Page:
These are interesting times, to say the least. “Circuit Breaker” starts tomorrow, and Hossan and I felt that we had to spend time talking about it, even if we don’t know what form our conversations should take. We just talk cock the way we always do. I don’t know why, but I think it makes us feel better. I hope it makes you feel better too.
Thanks Dwayne for joining us and winging it when we throw you the world’s most difficult questions.
Nick Singh stood at a traffic junction for 30 minutes to record all manner of jaywalking and dangerous behaviour and distilled it into this short video. He might have missed out on instances of people texting/facebooking/tweeting while crossing the road. Still, Pedestrian safety is everyone’s responsibility, including the pedestrian.
If you don’t have enough of a tear-jerker among your Korean drama downloads, or you are simply inured to so many otherwise moving things in life, then you have to be told the story of Team Hoyt.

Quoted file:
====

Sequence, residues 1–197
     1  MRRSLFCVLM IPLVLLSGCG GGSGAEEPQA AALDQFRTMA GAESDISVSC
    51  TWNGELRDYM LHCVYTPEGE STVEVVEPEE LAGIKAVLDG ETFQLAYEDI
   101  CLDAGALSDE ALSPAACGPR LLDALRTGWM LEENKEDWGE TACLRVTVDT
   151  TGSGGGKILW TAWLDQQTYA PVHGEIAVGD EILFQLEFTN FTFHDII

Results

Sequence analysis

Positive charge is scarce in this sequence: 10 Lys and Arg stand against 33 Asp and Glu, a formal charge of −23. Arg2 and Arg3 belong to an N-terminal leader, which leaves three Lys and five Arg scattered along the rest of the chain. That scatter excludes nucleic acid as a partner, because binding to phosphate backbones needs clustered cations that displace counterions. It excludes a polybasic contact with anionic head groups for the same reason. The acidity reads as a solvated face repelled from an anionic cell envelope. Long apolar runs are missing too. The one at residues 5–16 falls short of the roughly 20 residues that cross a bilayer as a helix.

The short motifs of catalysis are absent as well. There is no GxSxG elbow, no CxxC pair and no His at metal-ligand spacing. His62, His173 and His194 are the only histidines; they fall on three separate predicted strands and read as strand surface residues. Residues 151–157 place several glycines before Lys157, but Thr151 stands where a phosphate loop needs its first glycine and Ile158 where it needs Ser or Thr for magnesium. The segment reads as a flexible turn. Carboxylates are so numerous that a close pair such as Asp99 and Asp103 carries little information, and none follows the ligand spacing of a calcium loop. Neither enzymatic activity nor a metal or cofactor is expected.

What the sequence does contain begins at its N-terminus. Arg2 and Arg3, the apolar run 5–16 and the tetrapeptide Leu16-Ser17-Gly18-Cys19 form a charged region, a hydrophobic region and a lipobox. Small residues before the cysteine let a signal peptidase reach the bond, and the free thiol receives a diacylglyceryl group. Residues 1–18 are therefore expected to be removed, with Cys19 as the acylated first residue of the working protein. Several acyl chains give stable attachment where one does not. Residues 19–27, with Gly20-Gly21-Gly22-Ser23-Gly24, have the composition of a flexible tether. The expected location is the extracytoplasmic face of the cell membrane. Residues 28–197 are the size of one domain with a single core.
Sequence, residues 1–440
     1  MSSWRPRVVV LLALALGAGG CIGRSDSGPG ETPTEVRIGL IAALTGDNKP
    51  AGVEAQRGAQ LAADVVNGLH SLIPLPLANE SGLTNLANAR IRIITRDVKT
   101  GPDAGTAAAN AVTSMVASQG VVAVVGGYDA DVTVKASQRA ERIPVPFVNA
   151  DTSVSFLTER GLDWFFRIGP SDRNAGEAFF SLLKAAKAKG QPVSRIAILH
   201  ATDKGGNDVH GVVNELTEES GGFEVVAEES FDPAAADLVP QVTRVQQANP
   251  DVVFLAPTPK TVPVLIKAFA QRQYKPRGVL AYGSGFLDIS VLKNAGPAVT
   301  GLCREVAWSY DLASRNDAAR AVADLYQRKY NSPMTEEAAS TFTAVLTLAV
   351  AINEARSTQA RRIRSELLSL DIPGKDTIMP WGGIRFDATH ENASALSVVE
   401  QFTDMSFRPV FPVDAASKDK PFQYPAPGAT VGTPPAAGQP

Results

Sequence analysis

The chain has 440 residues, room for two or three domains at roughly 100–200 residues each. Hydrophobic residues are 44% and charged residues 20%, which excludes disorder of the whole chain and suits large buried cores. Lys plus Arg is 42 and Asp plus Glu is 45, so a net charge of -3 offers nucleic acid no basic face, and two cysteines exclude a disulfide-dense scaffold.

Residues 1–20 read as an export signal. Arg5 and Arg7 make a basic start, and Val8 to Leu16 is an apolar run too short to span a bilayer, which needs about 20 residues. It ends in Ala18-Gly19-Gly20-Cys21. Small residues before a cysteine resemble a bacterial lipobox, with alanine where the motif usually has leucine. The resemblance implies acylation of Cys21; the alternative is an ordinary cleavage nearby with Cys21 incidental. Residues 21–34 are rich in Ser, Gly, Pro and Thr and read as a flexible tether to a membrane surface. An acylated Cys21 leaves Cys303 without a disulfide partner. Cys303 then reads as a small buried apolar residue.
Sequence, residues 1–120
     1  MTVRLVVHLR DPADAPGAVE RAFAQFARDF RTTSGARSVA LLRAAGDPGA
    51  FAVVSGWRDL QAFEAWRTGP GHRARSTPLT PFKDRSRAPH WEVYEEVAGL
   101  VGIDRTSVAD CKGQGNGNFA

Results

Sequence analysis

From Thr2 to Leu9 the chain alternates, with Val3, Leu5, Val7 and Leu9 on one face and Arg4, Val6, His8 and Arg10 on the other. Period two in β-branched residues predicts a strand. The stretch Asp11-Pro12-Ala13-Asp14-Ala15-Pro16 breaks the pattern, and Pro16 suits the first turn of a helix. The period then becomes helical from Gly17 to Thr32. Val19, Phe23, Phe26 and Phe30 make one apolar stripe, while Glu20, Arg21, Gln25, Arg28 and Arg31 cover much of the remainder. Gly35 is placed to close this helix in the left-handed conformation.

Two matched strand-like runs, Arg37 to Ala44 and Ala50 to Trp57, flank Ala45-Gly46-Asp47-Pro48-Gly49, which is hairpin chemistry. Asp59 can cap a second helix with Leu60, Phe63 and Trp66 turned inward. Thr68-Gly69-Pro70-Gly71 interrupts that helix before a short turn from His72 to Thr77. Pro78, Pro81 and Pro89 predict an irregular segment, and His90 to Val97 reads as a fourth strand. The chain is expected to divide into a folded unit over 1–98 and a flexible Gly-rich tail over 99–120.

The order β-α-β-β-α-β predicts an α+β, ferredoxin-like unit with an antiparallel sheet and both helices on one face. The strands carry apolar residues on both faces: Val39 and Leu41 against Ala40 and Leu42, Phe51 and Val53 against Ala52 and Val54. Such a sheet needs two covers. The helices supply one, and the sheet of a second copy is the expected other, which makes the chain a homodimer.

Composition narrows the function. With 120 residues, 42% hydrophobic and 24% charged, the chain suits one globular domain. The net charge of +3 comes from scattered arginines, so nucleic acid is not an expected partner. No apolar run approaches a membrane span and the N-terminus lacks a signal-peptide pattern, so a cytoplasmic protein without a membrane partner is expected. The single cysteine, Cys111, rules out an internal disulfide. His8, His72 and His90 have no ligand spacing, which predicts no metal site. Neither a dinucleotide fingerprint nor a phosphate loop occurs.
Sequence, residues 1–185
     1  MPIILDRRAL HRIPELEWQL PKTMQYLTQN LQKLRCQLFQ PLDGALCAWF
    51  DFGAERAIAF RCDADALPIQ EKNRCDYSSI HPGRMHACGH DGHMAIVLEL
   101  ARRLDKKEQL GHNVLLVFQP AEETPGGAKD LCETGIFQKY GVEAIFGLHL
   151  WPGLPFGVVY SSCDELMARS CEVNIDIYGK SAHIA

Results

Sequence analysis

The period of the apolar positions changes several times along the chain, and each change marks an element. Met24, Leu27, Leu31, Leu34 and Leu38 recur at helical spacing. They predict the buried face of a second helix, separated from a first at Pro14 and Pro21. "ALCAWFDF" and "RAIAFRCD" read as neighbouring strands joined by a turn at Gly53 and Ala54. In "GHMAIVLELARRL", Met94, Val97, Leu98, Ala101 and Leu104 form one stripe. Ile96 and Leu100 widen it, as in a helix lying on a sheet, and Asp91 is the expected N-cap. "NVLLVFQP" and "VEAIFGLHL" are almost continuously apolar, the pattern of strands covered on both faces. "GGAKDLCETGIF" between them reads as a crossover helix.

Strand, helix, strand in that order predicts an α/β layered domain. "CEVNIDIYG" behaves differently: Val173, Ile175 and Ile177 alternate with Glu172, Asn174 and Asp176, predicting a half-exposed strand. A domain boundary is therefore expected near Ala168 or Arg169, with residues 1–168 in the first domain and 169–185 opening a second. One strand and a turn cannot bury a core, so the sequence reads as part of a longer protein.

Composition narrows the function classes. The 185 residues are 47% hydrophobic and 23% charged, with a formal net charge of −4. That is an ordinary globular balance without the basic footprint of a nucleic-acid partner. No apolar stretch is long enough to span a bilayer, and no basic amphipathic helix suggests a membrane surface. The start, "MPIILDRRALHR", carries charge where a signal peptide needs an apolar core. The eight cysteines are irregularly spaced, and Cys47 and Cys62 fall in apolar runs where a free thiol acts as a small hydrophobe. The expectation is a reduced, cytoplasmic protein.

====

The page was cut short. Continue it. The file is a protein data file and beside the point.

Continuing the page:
Rick Hoyt was born severely disabled and his parents were told he would live in a permanently vegetative state. His parents thought otherwise, and believed their intelligent son was merely trapped in a body that his mind couldn’t control. They were right, and the miracle didn’t stop there.
When they managed to rig a computer up so that Rick could ‘speak’ to them by tapping out letters, they discovered he was a sports fan, and then some. After Rick got his father to run his first road race with him (Dick pushing his son in a wheelchair), he said, “Dad, when we were running, it felt like I was not disabled anymore.”
Team Hoyt has since competed in 85+ marathons, 200+ triathlons and Iron Man events. I’ll leave you to read the rest of their stories. They moved me, and they should you too.